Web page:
To the Editor

In his recent article, "Facing Reality in Indonesia", Owen Harries does paint an accurate picture of the fragility of the civilian government and the considerable challenges that it faces.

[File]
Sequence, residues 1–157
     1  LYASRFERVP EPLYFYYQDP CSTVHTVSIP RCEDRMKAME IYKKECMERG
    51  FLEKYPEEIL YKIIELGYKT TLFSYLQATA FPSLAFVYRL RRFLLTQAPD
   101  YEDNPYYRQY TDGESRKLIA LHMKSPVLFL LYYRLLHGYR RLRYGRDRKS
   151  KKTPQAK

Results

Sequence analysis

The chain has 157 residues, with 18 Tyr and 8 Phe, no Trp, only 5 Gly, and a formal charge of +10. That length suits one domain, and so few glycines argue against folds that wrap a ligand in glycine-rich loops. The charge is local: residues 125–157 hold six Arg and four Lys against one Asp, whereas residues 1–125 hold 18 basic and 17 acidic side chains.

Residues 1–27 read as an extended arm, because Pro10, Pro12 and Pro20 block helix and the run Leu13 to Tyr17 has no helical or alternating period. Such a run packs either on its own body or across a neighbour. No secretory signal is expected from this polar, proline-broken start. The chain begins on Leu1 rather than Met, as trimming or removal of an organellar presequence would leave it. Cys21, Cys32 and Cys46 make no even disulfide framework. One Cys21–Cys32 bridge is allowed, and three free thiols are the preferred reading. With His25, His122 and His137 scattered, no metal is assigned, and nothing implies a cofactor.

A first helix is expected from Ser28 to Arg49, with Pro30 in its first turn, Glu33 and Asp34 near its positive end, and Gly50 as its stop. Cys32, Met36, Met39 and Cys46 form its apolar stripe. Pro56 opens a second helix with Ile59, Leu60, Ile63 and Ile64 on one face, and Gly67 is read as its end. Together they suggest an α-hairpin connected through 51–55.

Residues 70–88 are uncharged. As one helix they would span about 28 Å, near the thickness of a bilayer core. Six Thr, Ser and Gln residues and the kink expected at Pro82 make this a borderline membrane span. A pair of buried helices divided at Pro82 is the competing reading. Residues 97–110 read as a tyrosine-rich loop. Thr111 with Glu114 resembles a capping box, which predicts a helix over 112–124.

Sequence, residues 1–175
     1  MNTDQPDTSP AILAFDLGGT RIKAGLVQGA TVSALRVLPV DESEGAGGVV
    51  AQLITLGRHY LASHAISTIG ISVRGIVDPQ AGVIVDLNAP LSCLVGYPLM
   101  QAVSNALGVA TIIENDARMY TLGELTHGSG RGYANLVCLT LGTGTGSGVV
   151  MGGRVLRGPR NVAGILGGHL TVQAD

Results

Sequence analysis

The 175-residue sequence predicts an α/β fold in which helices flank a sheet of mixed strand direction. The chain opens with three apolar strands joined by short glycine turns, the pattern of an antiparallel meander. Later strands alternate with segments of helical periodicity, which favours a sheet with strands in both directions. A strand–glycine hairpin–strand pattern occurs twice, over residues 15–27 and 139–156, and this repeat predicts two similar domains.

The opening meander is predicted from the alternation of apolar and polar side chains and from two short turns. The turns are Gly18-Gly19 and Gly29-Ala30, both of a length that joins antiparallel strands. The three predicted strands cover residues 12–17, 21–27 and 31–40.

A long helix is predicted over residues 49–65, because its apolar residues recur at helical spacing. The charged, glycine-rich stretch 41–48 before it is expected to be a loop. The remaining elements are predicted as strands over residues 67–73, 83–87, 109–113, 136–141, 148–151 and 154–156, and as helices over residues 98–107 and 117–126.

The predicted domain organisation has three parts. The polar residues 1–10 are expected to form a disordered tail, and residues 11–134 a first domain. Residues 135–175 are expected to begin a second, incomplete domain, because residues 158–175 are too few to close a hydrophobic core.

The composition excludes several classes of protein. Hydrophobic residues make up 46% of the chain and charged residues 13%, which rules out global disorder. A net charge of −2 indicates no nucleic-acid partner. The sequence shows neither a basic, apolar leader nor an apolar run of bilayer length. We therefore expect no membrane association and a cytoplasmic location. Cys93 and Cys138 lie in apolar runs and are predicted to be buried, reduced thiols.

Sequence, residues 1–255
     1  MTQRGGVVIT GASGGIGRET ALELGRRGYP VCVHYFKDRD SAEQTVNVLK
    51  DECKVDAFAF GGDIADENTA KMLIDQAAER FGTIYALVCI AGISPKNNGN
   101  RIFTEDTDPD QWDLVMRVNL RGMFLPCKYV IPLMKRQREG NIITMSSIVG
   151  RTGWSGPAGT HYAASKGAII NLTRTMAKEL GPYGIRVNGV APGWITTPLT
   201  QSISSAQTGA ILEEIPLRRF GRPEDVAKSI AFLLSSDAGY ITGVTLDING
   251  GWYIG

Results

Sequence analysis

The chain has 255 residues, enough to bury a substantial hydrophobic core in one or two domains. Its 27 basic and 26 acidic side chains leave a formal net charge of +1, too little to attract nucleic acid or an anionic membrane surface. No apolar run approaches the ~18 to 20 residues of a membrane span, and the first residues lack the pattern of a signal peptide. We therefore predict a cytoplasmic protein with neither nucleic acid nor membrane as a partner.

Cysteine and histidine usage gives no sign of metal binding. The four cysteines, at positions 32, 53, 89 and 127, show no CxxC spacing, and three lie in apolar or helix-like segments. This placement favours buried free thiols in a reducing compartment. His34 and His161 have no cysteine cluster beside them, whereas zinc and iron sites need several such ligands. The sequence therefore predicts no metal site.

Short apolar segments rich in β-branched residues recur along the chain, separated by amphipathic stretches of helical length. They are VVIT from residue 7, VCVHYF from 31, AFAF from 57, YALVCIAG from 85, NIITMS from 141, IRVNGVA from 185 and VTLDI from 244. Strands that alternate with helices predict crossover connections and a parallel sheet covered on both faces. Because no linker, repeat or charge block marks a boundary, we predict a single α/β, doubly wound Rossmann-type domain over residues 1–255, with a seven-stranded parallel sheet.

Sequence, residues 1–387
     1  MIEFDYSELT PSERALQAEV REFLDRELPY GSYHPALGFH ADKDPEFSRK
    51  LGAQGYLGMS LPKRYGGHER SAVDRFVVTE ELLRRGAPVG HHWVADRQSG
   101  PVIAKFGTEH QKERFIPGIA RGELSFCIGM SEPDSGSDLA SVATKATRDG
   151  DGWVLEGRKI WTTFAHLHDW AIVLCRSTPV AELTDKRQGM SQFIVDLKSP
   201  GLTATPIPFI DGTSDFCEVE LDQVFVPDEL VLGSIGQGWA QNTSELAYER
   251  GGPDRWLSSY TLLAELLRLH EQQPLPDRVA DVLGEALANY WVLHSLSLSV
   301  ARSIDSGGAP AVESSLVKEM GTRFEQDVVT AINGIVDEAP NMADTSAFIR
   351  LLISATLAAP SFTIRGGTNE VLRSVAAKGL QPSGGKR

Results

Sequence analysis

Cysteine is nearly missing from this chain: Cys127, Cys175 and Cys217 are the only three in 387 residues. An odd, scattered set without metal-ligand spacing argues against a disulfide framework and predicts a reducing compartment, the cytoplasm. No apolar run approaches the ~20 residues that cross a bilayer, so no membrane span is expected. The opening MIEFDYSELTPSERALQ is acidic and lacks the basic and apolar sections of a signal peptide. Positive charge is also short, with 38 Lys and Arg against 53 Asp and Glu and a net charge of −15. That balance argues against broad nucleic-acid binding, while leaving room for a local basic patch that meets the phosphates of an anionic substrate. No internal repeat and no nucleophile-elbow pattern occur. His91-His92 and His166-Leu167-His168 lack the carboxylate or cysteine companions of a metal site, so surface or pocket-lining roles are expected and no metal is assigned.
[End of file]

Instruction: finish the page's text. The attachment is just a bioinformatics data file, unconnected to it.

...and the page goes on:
In his recent article, "Facing Reality in Indonesia", Owen Harries does paint an accurate picture of the fragility of the civilian government and the considerable challenges that it faces. It is wrong, however, to suggest that the best way to fight terrorism in that country is to strengthen the role of the military and subordinate the cause of democracy. There is sufficient evidence to suggest that much of the violence in Indonesia is instigated by the very military institution Owen Harries proposes as the solution. As Jeffrey Winters is quoted in the Q&A section of Foreign Policy Association, November 21, 2002, "The world's attention was caught, obviously, by the enormous explosion in Bali, but in the year 2000, there was an explosion in the basement of the underground parking garage of the Jakarta Stock Exchange that was huge and it turns out it involved Indonesian Special Forces Red Bureau Soldiers." Suharto himself was always careful to balance the power and interests of the Islamists and the military. The question therefore needs to be raised whether or not increased support from the West for Indonesia's military will make the fight against terrorism easier--or whether it will only add fuel to Islamic propaganda. Would it not be better to strengthen the democratically elected central government with economic support, and through that government utilize the power of the Indonesian military?